We remember Revolver, a promising French pop group revealed around fifteen years ago, which never transformed but allowed Ambroise Willaume to begin a solo career under the name Sage. Alongside his two solo albums, the young man launched a career as a successful producer, notably with Clara Luciani, Albin de la Simone and Clara Ysé. Here he is, today, reconnecting with the collective adventure. Astral Bakers is the name of the strictly equal group - two girls and two boys - that he assembled in a fairly natural way. Their first public appearance was as part of the tribute to Françoise Hardy broadcast on France Inter last month. Today here is the first disc of original compositions from this formation of two guitars, bass and drums, in which Sage plays the role of singer. We are immediately seduced by the great musicality of these songs recorded live, in a unique room, with the musicians seated in a circle. Their sound rests the ears after years of highly compressed productions, of records filled to the point of suffocation with instrumental layers. Here the instruments sound natural, and if there is saturated guitar, it never encroaches on the climate of the whole. Adorned with beautiful vocal harmonies, these rich compositions, with demanding structures and chords, immediately catch the ear. Those nostalgic for the sound of the 1990s will find what they are looking for in this soft grunge which owes as much to Nirvana Unplugged as to the harmonies of Supertramp. The Whole Story, sung in English, is the most beautiful French pop production we have heard in a long time.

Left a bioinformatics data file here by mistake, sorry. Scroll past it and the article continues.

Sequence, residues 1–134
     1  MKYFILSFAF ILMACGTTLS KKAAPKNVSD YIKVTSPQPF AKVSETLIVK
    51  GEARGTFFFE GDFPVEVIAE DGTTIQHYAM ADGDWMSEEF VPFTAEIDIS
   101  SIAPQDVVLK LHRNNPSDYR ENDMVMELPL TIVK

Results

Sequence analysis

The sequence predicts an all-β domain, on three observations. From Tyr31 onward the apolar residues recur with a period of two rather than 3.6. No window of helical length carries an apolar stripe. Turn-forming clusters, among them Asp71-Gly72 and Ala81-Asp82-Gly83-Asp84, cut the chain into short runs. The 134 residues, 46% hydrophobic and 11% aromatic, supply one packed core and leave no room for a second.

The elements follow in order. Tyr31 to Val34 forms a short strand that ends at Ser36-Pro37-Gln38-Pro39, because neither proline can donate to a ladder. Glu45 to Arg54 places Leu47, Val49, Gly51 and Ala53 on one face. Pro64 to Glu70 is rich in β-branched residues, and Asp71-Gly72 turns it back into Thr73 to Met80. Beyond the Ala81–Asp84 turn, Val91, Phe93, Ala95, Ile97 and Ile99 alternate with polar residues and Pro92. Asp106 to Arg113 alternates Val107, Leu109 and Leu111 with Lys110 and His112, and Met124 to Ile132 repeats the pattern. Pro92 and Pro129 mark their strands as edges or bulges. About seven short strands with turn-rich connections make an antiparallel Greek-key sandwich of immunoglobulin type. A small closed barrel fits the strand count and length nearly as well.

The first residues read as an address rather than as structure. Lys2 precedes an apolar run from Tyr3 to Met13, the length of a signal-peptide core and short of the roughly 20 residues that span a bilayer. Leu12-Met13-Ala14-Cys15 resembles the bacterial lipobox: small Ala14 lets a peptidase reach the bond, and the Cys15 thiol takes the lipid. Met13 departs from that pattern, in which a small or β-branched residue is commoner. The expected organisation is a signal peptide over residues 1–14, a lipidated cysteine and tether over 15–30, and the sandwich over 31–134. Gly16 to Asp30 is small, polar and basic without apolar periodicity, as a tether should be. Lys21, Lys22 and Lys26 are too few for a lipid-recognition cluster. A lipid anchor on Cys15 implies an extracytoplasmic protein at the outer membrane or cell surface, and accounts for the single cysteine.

Did you leave it too late to book the candlelit dinner that your loved one is dreaming of? Not inspired by florist windows? You still have one way to save Valentine's Day: offer this anthology of love songs performed by Dalida. Still as beloved thirty-seven years after her death, the diva here visits a very wide repertoire, from the standards Come Prima or La vie en rose, to more modern compositions, performed in several languages. The contents are as kitschy as the cover, but since when has Valentine's Day been synonymous with good taste, after all?